Tuesday, September 09, 2008

No vote is a wasted vote...

...not at $1.75 per vote per year.

With that said, I would like to revive my attempt to alter the subsidy that federal parties get.

As you may, or may not know, each party recieves $1.75 per year per vote (indexed for inflation) for each vote they receive.

I would like to see this subsidy altered to be:

$1.75/vote X (number of ridings with a registered candidate/total number of ridings)

This would drastically alter the playing field as the BQ is able to pretty much fund itself out of its subsidy and does not require substantial fundraising.

It would also make people think twice about deals like Dion-May and the Conservative decision not to run anyone against the independent guy (whose name escapes me) in Quebec.

However, I would argue that 307/308 X 1.75 is more acceptable than 75/308 x 1.75 per vote.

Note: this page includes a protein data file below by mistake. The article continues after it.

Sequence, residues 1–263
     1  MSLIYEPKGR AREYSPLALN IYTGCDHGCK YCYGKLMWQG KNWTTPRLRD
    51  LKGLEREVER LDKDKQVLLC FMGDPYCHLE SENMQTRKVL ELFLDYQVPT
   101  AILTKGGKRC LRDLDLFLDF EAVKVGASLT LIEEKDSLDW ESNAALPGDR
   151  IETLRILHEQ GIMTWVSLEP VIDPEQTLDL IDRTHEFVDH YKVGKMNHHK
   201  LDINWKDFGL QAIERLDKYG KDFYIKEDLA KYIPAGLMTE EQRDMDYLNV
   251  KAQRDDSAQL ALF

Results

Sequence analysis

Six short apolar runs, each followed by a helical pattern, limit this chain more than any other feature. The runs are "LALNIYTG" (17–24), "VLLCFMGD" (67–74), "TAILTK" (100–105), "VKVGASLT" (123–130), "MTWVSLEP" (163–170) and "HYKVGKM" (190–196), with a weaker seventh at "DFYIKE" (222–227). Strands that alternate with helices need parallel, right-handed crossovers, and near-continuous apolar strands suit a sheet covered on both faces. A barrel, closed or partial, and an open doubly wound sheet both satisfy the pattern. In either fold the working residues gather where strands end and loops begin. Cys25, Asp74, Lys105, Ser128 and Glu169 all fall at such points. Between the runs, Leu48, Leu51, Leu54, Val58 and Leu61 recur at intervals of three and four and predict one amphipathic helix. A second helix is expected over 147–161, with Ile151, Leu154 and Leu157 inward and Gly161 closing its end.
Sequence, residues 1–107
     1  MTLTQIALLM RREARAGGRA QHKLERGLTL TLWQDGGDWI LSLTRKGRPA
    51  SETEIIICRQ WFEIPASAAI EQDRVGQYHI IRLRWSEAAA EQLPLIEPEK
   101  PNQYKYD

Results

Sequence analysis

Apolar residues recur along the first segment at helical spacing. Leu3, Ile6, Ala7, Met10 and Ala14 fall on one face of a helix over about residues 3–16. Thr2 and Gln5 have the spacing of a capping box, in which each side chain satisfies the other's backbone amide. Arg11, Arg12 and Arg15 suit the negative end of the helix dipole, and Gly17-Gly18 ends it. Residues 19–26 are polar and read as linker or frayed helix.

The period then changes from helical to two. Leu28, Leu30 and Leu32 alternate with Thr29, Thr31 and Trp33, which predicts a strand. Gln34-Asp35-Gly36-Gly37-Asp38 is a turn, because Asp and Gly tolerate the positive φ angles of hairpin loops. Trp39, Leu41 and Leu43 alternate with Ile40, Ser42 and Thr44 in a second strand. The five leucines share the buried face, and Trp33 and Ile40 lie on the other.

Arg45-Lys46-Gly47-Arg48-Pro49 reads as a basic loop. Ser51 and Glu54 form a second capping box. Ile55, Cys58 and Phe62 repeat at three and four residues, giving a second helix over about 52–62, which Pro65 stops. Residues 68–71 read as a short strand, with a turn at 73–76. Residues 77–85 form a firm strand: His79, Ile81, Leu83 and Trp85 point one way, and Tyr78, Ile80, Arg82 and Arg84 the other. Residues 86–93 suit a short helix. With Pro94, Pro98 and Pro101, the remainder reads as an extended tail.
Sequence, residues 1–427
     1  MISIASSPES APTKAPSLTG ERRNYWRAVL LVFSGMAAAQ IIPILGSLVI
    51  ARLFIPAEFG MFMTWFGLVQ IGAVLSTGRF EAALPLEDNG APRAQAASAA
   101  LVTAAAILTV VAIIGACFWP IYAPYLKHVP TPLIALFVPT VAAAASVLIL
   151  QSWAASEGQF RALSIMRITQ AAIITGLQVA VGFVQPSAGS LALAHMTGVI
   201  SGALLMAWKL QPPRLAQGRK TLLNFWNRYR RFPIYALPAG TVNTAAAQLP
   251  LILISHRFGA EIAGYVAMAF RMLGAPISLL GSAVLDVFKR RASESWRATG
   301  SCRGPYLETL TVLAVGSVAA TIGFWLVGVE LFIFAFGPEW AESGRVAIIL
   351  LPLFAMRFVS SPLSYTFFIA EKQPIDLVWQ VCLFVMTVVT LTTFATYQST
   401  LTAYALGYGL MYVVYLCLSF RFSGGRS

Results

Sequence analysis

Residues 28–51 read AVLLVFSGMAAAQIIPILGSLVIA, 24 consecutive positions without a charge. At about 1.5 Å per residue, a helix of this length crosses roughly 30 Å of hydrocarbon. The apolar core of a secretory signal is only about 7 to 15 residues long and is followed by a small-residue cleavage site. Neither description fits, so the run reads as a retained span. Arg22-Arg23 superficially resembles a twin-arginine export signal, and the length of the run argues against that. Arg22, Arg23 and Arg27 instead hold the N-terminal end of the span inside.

Q

Comments:
I see why the system is frustrating, but implementing a system like the one you suggests is fraught with peril as well.

It would encourage a party to have candidates in every single riding, regardless of the quality, just for the sake of getting money from the government.

Simply putting a candidate up should not be anough.

Maybe a calculation where 1.75 x # ridings you get 10% of the vote.

The last few elections the Green Party took solace in the fact they ran someone in every single riding in the country, even though lots of the candidate did not even live in the provinces they were running in, and in some cases didnt even really know what the Green party even was.

Is that better for the democratic process? Not in my humble opinion.
 
Perhaps to dsicourage that approach of having a candidate for the sake of having a candidate, the deposit for running a candidate should be higher for those receiving the subsidy and that the threshold for getting your rebate back raised.
 
Would you please contact me directly? We are looking for assistance with a national get out and vote campaign and could use your help.
Many thanks,
Pyper
punitt at rogers dot com
 
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